Can Technical Debt Constitute a Breach of Implied Warranties?
Photo credit: Dancing Lemur (Flickr)
Cunningham’s quip “A little debt speeds development so long as it is paid back promptly with a rewrite” is intuitively very clear. We are talking about short-term debt which will be reduced, and hopefully eliminated in entirety, at the earliest possible time.
The question this post addresses is what happens when the expected short-term technical debt becomes a significant long-term debt? Specifically, can technical debt under some conditions constitute a breach of implied warranties?
In his InformIT article Don’t “Enron” Your Software Project, Aaron Erickson coined the term “Technical Fraud” and connected it to Lemmon Laws:
As a reaction to seeing this condition and its deleterious effects, I coined the term technical fraud to refer to the practice of incurring unmanaged and hidden technical debt. Many U.S. states have “lemon laws” that make it illegal to knowingly sell someone a car that has undisclosed maintenance problems. Selling a “lemon” is a fraudulent practice in the world of cars, and it should be considered as such in the world of software.
It is a little tricky (though not impossible – see Using Credit limits to Constrain Development on Margin) to define the precise point where technical debt becomes “unmanaged.” One needs to walk a fine line between technical/methodical incompetence and resource availability to determine technical fraud. For example, if your code has 35% coverage, is it or is not unmanaged? Does the answer to this question change if your cyclomatic complexity per class exceeds 30? I would think the courts might be divided for a very long time on the question when does hidden technical debt represent a fraudulent misrepresentation.
One component of technical debt deserves special attention in the context of this post. I am referring to the conscious decision not to do unit testing at all.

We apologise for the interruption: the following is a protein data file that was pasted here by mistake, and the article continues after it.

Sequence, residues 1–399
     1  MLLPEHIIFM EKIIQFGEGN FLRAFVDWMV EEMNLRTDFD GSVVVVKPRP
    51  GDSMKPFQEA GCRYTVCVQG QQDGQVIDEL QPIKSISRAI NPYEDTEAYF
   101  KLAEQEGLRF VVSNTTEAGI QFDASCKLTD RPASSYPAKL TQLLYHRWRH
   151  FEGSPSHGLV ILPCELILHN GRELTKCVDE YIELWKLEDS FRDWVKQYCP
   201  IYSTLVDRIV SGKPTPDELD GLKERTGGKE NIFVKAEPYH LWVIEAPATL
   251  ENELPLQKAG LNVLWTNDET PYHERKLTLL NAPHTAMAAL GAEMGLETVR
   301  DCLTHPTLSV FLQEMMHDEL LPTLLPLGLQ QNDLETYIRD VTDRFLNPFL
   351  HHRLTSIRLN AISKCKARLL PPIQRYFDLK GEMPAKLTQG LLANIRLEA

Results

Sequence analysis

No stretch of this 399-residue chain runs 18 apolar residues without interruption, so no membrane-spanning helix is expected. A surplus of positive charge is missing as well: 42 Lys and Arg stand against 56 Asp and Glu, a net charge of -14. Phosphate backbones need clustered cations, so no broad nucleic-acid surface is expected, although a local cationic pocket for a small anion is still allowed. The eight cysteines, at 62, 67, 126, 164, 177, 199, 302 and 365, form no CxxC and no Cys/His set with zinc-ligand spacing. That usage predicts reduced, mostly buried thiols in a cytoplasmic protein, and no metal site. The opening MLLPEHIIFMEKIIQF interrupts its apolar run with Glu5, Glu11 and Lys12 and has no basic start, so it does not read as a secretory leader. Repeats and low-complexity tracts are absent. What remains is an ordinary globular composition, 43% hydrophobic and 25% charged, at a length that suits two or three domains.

Best I understand it, the rationale for not “bothering” with unit testing is a variant of the old ploy “we do not have time for testing here.” It is a resource allocation strategy that bets on the code being miraculously bug-free. Some amount of functional testing is done out of necessity – the code in customers hands needs to function as proclaimed. But, the pieces of code from which functionality is constructed are not subject to direct rigorous testing. The individual units of code will be indirectly exercised in some manner through functional testing, but not in a systemic manner to verify and validate correctness of the units of code per se.
Such a conscious decision IMHO indicates no intention to pay back this category of technical debt – unit test coverage. It is therefore quite incompatible with the nature of an implied warranty:
An implied warranty is as an unstated promise, assumed by the law in most sales transactions, that the product will be of at least average quality and will do what the average customer would expect it to do [The Reader’s Digest Legal Questions & Answers Book]
To #1 defense open to a software vendor who gets sued over lack of unit testing is that a fair average quality of software can be attained without any unit testing. As a programmer, I would think such defense would fly at the teeth of the availability since 1987 of the IEEE Standard for Software Unit Testing.
It is fascinating to note the duality between contracts and programming. For the programmer who follows the tenets of design by contract, “a unit test provides a strict, written contract that the piece of code must satisfy…”
Disclaimer: I am not an expert in the law. The opinion expressed in this post merely represents my layman’s understanding of principles of contract law that might be applicable to technical debt situations.